Vitamins, minerals and supplements for people living with HIV

People living with HIV may become deficient in micronutrients for a number of reasons and need more nutrients to fight the virus. Several studies have shown that people with HIV infection have an increased risk of developing nutritional deficiencies. In turn, nutritional deficiencies can lead to the progression of HIV infection to the AIDS stage and increase the risk of death. For this reason, micronutrient requirements are thought to be higher for people with HIV than for the general population.

Consumption of the required amount of vitamins and microelements during HIV infection contributes to:

  • strengthening the immune system;
  • increasing resistance to viral and infectious diseases;
  • slowing the progression of HIV infection;
  • reducing the risk of complications during treatment of HIV infection;
  • improvement of well-being.

Let's consider which vitamins are especially useful for people with the human immunodeficiency virus.

Vitamin A and beta caroteneMaintains healthy skin, lungs and stomach.Liver, eggs, milk, spinach, pumpkin, green pepper, zucchini, carrots
B vitamins (B-1, B-2, B-6, B-12, Folate)

Strengthens the immune and nervous system.
White beans, potatoes, meat, fish, chicken, watermelon, grains, nuts, avocado, broccoli

Vitamin CAntioxidant, protects the body from infections and accelerates its recovery.Citrus fruits (such as oranges, grapefruits and lemons), tomatoes, potatoes

Vitamin D Essential for maintaining healthy bones and teeth. Milk, fatty fish
Vitamin EProtects body cells and helps fight infections.Vegetables, vegetable oils, avocados, almonds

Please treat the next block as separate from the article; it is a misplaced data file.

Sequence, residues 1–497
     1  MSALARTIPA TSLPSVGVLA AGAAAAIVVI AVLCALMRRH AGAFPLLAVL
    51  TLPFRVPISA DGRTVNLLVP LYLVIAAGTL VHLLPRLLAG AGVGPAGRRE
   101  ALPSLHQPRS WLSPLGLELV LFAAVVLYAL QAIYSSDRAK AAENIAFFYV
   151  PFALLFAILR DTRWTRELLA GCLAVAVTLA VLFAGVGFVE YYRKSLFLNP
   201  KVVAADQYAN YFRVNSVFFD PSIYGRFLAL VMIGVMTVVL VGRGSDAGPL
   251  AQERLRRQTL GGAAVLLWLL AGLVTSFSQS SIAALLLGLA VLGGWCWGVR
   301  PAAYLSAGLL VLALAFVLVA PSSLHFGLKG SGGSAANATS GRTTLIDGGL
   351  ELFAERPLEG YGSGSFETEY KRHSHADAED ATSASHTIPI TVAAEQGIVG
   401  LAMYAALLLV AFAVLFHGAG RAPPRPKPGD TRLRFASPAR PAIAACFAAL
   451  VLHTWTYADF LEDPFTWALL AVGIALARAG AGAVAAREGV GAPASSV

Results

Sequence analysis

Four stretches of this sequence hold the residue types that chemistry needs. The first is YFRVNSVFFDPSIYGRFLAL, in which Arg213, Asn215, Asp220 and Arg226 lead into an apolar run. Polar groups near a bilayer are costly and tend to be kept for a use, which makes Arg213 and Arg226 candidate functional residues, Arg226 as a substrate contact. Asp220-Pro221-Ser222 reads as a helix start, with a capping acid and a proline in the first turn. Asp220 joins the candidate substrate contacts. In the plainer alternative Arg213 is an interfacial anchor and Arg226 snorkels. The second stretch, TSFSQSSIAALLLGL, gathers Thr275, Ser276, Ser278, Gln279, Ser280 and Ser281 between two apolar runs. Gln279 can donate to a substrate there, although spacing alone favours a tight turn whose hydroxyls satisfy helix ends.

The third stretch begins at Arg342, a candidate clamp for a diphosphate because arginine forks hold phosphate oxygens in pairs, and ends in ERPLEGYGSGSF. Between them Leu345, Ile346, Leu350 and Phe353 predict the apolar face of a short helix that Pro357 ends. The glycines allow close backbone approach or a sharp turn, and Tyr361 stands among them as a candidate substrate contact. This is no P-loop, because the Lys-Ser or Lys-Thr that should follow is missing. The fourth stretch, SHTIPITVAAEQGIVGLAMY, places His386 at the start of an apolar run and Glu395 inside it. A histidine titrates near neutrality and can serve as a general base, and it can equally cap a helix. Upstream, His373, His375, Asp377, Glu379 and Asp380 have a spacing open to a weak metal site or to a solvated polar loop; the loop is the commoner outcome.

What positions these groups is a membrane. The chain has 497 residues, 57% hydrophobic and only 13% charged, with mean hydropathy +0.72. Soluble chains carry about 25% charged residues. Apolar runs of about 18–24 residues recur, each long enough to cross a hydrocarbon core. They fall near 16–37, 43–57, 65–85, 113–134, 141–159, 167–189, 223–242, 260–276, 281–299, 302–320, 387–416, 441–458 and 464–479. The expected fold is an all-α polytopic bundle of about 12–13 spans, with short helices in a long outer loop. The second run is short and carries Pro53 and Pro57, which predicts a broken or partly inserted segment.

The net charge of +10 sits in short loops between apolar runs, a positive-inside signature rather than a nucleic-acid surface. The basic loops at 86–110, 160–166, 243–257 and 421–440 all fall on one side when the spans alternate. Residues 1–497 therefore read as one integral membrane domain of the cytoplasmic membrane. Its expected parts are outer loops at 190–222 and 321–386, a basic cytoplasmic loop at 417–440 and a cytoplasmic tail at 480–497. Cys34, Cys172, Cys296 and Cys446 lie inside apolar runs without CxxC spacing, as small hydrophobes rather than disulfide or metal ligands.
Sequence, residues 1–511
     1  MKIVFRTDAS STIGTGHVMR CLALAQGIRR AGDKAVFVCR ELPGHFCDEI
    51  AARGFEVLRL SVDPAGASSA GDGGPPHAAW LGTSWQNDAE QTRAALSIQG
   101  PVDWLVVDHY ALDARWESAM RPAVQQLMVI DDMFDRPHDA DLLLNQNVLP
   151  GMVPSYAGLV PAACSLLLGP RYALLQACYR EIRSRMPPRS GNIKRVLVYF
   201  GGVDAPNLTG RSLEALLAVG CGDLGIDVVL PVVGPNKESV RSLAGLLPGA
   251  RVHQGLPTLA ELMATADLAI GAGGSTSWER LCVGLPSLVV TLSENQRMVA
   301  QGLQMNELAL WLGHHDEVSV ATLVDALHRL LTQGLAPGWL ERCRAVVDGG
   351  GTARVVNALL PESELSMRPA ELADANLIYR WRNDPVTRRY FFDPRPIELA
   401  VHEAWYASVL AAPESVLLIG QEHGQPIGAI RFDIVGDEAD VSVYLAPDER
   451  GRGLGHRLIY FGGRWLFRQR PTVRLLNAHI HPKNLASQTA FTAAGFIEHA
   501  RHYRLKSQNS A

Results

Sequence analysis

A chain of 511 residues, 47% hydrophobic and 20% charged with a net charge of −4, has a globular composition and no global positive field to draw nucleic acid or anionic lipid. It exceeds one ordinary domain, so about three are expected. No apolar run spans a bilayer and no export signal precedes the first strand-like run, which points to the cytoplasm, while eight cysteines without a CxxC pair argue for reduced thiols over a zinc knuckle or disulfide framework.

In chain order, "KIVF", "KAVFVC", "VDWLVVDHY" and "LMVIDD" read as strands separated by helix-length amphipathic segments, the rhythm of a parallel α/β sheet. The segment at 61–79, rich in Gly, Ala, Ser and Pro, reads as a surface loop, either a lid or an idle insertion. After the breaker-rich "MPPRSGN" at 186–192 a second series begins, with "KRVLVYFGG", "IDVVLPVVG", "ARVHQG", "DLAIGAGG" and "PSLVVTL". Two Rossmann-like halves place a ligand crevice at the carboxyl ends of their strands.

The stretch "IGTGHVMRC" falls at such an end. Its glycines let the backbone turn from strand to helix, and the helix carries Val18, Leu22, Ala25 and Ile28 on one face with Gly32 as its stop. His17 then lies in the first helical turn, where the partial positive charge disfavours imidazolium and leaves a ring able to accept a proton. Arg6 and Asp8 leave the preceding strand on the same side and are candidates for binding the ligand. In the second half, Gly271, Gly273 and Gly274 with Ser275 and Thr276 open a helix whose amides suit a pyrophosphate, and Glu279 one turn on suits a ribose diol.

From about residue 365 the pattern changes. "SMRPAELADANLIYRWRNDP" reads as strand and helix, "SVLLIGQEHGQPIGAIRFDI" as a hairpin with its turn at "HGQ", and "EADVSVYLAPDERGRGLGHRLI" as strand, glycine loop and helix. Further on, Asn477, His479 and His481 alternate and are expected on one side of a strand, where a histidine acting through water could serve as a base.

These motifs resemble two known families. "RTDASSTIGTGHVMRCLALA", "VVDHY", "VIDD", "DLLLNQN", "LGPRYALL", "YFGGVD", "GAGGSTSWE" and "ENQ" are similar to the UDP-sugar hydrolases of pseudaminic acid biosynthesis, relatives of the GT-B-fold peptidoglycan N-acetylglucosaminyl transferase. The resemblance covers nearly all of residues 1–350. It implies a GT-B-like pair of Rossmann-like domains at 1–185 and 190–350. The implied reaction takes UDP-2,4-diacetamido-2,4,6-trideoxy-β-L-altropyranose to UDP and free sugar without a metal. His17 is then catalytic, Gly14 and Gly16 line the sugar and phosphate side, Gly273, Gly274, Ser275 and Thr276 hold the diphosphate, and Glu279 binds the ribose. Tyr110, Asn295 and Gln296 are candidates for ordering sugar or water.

Iron Lack of iron can cause anemia.Vegetables, whole grain bread, dried fruit, beans, red meat, chicken, liver, fish and eggs
Selenium Supports immunity.Whole grains, meat, fish, poultry, eggs, peanut butter and nuts

Zinc Supports immunity. Meat, fish, poultry, beans, peanuts, milk and dairy products

Another important substance needed for people with HIV are antioxidants.

Antioxidants  are molecules that protect the human body from free radicals. Some infections, such as HIV, can upset this balance, causing the body to produce more free radicals than usual. In turn, this can lead to oxidative stress, in which the body cannot cope with all the free radicals it produces. Oxidative stress can cause great harm to cells.

To compensate for the lack of antioxidants in your body, consume more fruits and vegetables. Also, antioxidants are found in black and green tea, mushrooms and dark chocolate.

Antioxidant supplements include vitamins C and E, the minerals zinc and selenium, as well as coenzyme Q10, alpha lipoic acid and N-acetylcysteine.

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